Rand Fishkin: [00:11:05] So this one was much less. You know what something that I like and want to have. And much more. Let me find something that fits all the criteria. And as long as I don't dislike it we'll go with it. So the criteria for me were zero results in Google. You Search for the name prior to the launch of the website and Google had no results. If you put SparkToro in quotes you know no space zero results. Not a single thing had ever been associated with it previously. And I really wanted that because I wanted no preexisting associations. I also wanted it because it makes it really easy to track the company's progress over time. Right so you can plug it into you know a tool like Mention or talk walker and see all the places, or Google alerts and see every time you're mentioned. Look we appeared here. You can see it in search volume through Google trends and see. Oh OK. More and more people are searching for our brands. Great. That's excellent. And I think that becomes a lot harder if you have overlap with other names or other preexisting ideas. The other thing was we wanted something that had no other concepts or associations around it. So SparkToro doesn't mean anything. No one could be like "Well I think they sound like they do blah." We wanted it to be like "No you have to go and figure it out." You got to look it up. You can't just make an assumption that you think you know what that company does. You've got to look at it. And that was another important one. The dot com domain name was available. Well actually it wasn't available. It was owned by my wife but it was available to us.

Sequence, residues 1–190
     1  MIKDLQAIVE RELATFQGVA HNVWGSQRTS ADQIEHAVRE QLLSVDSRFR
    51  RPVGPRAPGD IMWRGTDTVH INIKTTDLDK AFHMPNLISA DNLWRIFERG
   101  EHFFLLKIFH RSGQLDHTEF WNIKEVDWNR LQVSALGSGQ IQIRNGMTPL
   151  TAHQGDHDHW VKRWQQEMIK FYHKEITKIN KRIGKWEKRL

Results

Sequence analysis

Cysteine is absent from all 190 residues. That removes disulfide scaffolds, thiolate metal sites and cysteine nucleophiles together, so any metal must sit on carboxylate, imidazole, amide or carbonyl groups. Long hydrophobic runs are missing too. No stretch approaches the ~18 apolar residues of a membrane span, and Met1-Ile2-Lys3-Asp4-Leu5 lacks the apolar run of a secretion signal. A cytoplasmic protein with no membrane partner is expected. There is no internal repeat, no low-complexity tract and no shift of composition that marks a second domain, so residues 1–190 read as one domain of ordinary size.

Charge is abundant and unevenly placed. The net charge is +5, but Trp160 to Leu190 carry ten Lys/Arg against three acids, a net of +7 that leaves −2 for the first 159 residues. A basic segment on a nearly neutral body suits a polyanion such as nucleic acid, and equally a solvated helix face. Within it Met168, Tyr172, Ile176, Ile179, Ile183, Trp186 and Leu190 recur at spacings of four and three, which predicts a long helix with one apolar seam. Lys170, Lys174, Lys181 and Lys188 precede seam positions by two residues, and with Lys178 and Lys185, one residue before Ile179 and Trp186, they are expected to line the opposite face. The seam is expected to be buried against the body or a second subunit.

James Fratzke : [00:12:51] There you go. Wow. How did that negotiating go?
Rand Fishkin: [00:12:54] No it was pretty easy surprisingly easy. It is just logged into her Google site's account and pointed the DNS where I wanted. Yeah I mean we also we wanted a name that was pronounceable so I don't know if you've seen the research there's this fascinating research about ticker symbols and company names on Wall Street, so the NASDAQ and New York Stock Exchange and how the more pronounceable and obvious the ticker symbol and the business name is the higher the stock price, controlling for all other variables.
James Fratzke : [00:13:34] Wow.
Rand Fishkin: [00:13:34] And I think that it's just a human bias to processing fluency. Right we like things that are easy to say and easy to remember and easy to think about. So we wanted a name that fit that. It could be said easily it wasn't you know overly long. It could be said in lots of languages. Right. So if you're in most western languages in Japanese and in lots of other cultures you can say SparkToro right. It's not overly Americanized or or any other language. Yeah. So those are all considerations.
James Fratzke : [00:14:13] It does roll off the tongue pretty good. So I like it a lot. My other question I was going to ask about you describe what your mission is with SparkToro and the problem that you're trying to solve. It's obviously different than the mission you were trying to solve for at Moz. Obviously there are some parallels and some similarities but what do you think that experience at Moz, how does that equip you to kind of build out this software company with a totally different aim but what are some of those things that you're going to take with you that it's going to make it easier or maybe set you up for success moving forward?